Students react to Ralston Athletic Complex renovations

Cabrini Rudnicki, Editor-in-Chief

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Wilkes University recently announced enhancements to the Ralston Athletic Complex.

The university announced that $8 million will be used for new athletic fields at the complex. Wilkes alumnus Robert Bruggeworth ‘83 provided a $1 million leadership gift for the renovations; therefore the renovations will be named Bruggeworth Field at Ralston Athletic Complex. 

The renovations include a new multi-use turf field. The field will be used for men’s and women’s soccer, men’s and women’s lacrosse and women’s field hockey. The enhancements also include a new turf baseball field.

Courtesy of Wilkes Marketing
An artist rendering of the turf field at the new Bruggeworth Field at Ralston Athletic Complex, to be completed by Homecoming Weekend, Oct. 4 – 6.

Along with the new fields, new enhancements for the fan experience include two press boxes, two spectator areas and a scoreboard. The university also has plans for new lighting, as well as enhanced parking and pedestrian walkways.

While many members of the Wilkes community are excited for the renovations, not everyone is thrilled with the amount being spent on the complex.

Joe Gubbiotti, senior computer science major, has issue with the school’s sense of priority.

“Why are we renovating a football field for a university that has no sport popularity if the students still have to pay for parking? The administration really needs to get its priorities straight,” said Gubbiotti. “It should be students first, not advertisement vanity projects.”

Amy Kulp, senior education and mathematics major, agreed with Gubbiotti, emphasizing the fact that most students would not be utilizing the field.

“Students that go to a District III school usually are not there for the sports,” she said. “[The money] could have been used to fix some of the buildings that house other programs – third and fourth floor of Stark, Darte, the sidewalks to Evans, Kirby Hall, etc. It just feels like they are prioritizing athletics over everyone else.”

Senior management student Samantha Lisk stated that she feels the renovations only serve a small population of campus.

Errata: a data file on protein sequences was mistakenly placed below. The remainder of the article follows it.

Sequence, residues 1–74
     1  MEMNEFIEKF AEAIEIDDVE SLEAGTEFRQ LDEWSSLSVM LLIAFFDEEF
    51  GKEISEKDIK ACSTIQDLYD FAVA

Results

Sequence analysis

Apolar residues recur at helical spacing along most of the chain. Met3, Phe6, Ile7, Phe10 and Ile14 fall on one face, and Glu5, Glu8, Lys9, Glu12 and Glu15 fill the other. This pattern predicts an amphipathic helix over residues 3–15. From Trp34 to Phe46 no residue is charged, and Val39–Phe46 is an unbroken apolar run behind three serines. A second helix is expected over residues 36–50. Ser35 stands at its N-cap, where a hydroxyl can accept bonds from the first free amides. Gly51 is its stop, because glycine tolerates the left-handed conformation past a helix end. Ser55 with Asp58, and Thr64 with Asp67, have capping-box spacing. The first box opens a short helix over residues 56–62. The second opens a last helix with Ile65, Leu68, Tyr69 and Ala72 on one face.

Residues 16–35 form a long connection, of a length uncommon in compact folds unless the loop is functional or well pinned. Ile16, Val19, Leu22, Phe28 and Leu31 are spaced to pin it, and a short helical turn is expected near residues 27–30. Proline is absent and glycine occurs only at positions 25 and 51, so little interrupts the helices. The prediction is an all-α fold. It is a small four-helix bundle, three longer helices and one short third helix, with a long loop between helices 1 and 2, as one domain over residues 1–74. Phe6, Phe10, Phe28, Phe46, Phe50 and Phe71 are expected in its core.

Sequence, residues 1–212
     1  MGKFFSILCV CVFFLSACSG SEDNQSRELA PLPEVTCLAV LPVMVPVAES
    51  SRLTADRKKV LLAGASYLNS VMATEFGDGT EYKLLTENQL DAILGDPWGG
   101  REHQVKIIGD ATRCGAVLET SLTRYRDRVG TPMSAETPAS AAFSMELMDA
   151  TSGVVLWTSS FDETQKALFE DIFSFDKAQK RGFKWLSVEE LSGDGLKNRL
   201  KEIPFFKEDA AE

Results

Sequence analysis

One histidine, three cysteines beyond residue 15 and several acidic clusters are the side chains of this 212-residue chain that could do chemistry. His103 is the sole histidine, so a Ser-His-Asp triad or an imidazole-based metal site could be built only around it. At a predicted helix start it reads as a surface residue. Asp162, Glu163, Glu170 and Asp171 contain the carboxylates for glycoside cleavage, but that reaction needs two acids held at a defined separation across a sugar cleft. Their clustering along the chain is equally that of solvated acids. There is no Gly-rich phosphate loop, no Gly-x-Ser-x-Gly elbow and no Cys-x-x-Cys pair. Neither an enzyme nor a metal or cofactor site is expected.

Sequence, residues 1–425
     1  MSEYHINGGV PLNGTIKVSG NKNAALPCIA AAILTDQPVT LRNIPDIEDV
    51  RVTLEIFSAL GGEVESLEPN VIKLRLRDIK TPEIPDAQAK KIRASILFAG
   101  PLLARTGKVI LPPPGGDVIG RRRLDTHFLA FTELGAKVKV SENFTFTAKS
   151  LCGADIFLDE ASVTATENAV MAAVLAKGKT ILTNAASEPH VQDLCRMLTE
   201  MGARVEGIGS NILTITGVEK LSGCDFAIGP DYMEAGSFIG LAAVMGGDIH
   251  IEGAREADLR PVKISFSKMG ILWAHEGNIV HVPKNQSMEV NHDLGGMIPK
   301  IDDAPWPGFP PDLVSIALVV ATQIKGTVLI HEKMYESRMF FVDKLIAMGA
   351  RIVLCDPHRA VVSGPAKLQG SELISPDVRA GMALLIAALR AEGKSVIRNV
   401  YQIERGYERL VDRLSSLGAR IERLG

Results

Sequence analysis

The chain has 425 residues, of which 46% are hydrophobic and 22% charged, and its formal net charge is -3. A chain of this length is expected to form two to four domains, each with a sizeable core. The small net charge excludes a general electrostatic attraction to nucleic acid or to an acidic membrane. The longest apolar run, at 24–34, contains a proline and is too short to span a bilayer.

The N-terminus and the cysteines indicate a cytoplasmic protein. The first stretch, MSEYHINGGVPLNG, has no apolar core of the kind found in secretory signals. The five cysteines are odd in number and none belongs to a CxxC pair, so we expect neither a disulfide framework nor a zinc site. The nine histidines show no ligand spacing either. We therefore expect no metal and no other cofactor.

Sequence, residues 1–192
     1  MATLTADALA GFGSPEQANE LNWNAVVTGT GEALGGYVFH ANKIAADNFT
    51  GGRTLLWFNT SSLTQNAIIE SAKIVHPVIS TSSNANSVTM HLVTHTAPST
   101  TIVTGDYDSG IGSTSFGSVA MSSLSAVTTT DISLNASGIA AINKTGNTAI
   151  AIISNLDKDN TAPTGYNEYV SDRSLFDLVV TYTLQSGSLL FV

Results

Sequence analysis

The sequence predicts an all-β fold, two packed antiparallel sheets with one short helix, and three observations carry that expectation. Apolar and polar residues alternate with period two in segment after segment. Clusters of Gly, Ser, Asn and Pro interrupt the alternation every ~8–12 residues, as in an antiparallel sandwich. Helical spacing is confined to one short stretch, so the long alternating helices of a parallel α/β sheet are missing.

“It feels like Wilkes is overlooking what makes our school great in favor of competing with bigger, more athletic universities,” said Lisk. “I don’t foresee the actual quality of our student body and the vast majority’s experience at Wilkes being significantly impacted or benefited in any way by these functionally exclusive renovations.

“If Wilkes had really wanted to embolden our school spirit and culture, I believe the renovations would have gone towards student life on campus.”

Lisk continued by listing a number of suggestions, including student-run gardens, murals, and inclusive and accessible spaces. “Wilkes, in my experience, has lacked in recognizing the power of a single dollar.”

Paul Adams, current interim president, responded to criticism by saying that the enhancements were only a small part in a bigger, long term university plan.

According to Adams, the university always had plans to enhance the Ralston Athletic Complex, as outlined in the school’s 2014 – 2020 strategic plan “Gateway to the Future.” The plan, which has six parts, was introduced by President Leahy and a 20-member committee known as the Strategic Planning Committee (SPC) in 2013. Within the strategic plan, there are 57 different projects.

Courtesy of Wilkes Marketing
The renovations will include enhancements to the fan experience, including a new parking lot entrance, shown above in an artistic rendering.

“One of the projects is athletics,” explained Adams. “We saved athletics for the very end because we wanted to make sure we first and foremost invested in the academic program as well as in the campus infrastructure that would benefit everyone.”

According to Adams, over the course of the strategic plan the university would have had invested around $100 million into the campus.

“The athletic piece represents around eight percent of that,” he said. “I don’t know that that’s disproportionate from what we’ve done to benefit the rest of the campus. First and foremost it was all about the academic program.”

Adams continued by giving insight behind the university’s decision to enhance the complex.

“I think [the donation] started with the relationship President Leahy and Bruggeworth,” said Adams. “As Pat and he remained friendly over the years, they would talk about ways that Mr. Bruggeworth could give back to the university because when you speak with [Mr. Bruggeworth], he expresses a lot of gratitude for what he received from his Wilkes education.”

“We had always planned on doing the field, and it was something Bruggeworth was interested in using his money to support,” said Adams.

In 2016, the university spent $1 million to enhance the complex’s bleachers and spectator conveniences. Bruggeworth was not involved with the 2016 investment, and instead was partially funded by the university’s capital budget. Adams suspects that the Bruggeworth leadership gift commitment came after 2016.

“You wouldn’t really find a donor interested in funding a bleacher project,” continued Adams. “To support a field with a naming opportunity with it, it becomes much more appealing to a donor.”

Robert Bruggeworth currently is employed as the president and chief executive officer of Qorvo, a communications chipmaker in Greensboro, N.C. While at Wilkes, Bruggeworth played as goalkeeper for the men’s soccer team.

According to Wilkes magazine, Bruggeworth has been an annual benefactor for the athletics program at the university. The field is being established in honor of his late mother.

The construction is currently underway. The new Bruggeworth Field will be dedicated during Homecoming weekend, Oct. 4 to 6.

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